zero_percent-7629591Just two school districts — out of nearly 700 in New York — will be limited to the new zero-tax hike contingency budget provision of the state’s new property tax cap law next year.

After failing to have either of two budget proposals approved by the electorate, the 1,500-pupil Cheektowaga-Sloan and the 355-pupil Oppenheim-Ephratah school districts will implement budgets for the 2013-14 school year using the current year’s tax levy, which equals no tax hike.

Suburban Buffalo’s Cheektowaga had proposed just a one-percent tax increase in the latest round of voting. The loss means the district will have to cut another $180,000 — or about one-half of one percent of the $33 million budget. According to our BenchmarkingNY, Cheektowaga taxpayers are among the highest taxed in the state, so their resistance to even a small increase is understandable.

Oppenheim, on the other hand, is a classic example of a district that is arguably too small to be sustainable by the tiny community located in between Albany and Utica. When a proposed merger between Oppenheim and neighboring St. Johnsville failed last December — St. Johnsville residents voted in favor of a merger, while Oppenheim residents voted against it, the Oppenheim superintendent warned:

Under the present funding mechanism, if we stay single, we’re going to have a very difficult time providing a sound basic education for our students. We have quite a large budget shortfall projected for next year and for the year after that and the year after that.

Oppenheim residents wanted their own district, but don’t want to pay 2.79% more in taxes to sustain it. They will now decide how, or whether, they want to live with the consequences (the merger could be presented to the districts’ voters again this December).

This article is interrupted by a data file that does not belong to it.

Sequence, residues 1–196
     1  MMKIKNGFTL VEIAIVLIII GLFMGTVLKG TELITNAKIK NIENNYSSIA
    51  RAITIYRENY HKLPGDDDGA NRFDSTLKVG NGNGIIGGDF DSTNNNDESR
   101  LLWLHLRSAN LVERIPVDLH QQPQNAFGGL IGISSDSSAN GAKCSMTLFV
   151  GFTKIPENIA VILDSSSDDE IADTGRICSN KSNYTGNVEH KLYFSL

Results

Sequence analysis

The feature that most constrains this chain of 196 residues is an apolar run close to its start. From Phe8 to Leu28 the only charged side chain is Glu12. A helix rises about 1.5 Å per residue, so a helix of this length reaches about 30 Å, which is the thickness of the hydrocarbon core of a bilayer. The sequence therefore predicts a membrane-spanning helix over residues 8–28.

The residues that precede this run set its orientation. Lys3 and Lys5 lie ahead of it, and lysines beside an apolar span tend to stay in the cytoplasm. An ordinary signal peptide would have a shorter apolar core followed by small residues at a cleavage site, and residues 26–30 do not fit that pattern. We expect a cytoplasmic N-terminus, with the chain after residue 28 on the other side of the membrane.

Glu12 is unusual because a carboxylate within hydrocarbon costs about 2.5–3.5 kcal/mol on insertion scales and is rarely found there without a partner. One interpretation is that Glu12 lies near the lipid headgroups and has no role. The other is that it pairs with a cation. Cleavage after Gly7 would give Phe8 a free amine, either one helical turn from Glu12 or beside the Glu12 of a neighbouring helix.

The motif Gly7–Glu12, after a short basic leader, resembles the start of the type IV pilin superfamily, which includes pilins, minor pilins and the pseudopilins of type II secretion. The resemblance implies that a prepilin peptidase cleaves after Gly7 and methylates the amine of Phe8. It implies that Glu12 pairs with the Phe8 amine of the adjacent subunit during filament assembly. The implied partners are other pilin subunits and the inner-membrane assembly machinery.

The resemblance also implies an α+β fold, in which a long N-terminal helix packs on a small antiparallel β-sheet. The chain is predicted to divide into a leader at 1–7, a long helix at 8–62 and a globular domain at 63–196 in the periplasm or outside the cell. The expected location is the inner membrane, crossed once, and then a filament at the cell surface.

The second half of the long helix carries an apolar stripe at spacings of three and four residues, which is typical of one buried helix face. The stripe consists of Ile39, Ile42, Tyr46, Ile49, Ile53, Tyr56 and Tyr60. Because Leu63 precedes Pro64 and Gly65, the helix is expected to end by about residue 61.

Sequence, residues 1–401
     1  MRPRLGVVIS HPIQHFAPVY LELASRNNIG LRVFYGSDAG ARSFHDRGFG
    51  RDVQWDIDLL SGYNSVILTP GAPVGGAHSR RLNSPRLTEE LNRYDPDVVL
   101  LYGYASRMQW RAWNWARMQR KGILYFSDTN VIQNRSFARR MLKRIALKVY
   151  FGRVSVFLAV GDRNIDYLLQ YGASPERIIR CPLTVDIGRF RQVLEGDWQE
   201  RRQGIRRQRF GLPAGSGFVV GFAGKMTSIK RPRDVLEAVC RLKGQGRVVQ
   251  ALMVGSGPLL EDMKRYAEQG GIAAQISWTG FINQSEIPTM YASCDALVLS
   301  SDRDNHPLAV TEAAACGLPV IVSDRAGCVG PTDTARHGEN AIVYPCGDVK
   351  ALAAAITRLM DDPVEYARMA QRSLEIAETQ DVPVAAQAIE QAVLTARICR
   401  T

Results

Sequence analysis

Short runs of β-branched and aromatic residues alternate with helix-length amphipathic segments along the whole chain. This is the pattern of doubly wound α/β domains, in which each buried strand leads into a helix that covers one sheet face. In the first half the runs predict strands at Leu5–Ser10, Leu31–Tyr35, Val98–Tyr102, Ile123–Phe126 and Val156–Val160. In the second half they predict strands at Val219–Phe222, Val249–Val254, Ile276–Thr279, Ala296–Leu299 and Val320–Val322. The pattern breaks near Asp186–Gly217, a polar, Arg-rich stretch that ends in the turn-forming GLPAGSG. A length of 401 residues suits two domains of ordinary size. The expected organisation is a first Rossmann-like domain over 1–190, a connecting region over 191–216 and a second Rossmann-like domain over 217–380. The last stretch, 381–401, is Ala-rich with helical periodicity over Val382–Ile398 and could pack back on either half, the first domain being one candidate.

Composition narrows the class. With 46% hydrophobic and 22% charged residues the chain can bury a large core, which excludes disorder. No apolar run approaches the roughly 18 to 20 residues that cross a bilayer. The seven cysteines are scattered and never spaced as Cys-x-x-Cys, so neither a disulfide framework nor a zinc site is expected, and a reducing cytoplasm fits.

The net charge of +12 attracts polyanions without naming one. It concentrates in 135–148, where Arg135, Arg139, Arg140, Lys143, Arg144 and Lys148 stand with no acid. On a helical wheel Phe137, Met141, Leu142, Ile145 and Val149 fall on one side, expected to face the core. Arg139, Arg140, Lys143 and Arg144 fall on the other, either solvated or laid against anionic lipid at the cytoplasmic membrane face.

Of the 24 budget revotes this past Tuesday, 19 were for districts that attempted to override the tax cap on the first try.  Three of those were successful in overriding the cap on the second try, while the other 16 passed budgets either at or under the cap.

About the Author

Tim Hoefer

Tim Hoefer is president & CEO of the Empire Center for Public Policy.

Read more by Tim Hoefer

You may also like

As migrants flow to NY, so does red ink 

The influx of foreign migrants to New York could cost the state $4.5 billion more than expected next year, Governor Hochul today warned.  Read More

The Bill Arrives: NY Faces $9B Budget Gap Next Year 

New York’s outyear budget gaps, the shortfall between planned state expenses and state tax receipts over the next three years, has exploded to more than $36 billion, just-released documents show.  Read More

NY school spending again led US, hitting all-time high in 2020-21

Public elementary and secondary school spending in New York rose to $26,571 per pupil in 2020-21, according to the latest Census Bureau data Read More

A Tale of Two Levies

New York school districts are getting record levels of state aid. But how many are using it to cut taxes? Read More

Albany’s Belated Budget Binge 

State lawmakers have begun passing the bills necessary to implement the state budget for the fiscal year that began April 1. Read More

Hospital Lobby’s TV Campaign Spreads Misinformation About Medicaid

As New York's health-care industry agitates for more money from the state budget, two of its most influential lobbying groups are airing TV ads that make alarmist and inaccurate claims about Medicaid. Read More

Hochul’s ‘Pay and Resolve’ Push for Hospitals Triggers Déjà Vu

Two years ago last week, I wrote in the Daily News about how then-Governor Andrew Cuomo was pushing a costly change to insurance law on behalf of a hospital group that had supported his campaign through a fund-rai Read More

The Looming Collapse of a Long-Term Care Insurer Raises Questions for DFS

As the Hochul administration presses for the creation of a "guaranty fund" to bail out failed health insurers, the state is quietly moving to seize a small company that could be the fund's first target. Read More

Empire Center Logo Enjoying our work? Sign up for email alerts on our latest news and research.
Together, we can make New York a better place to live and work!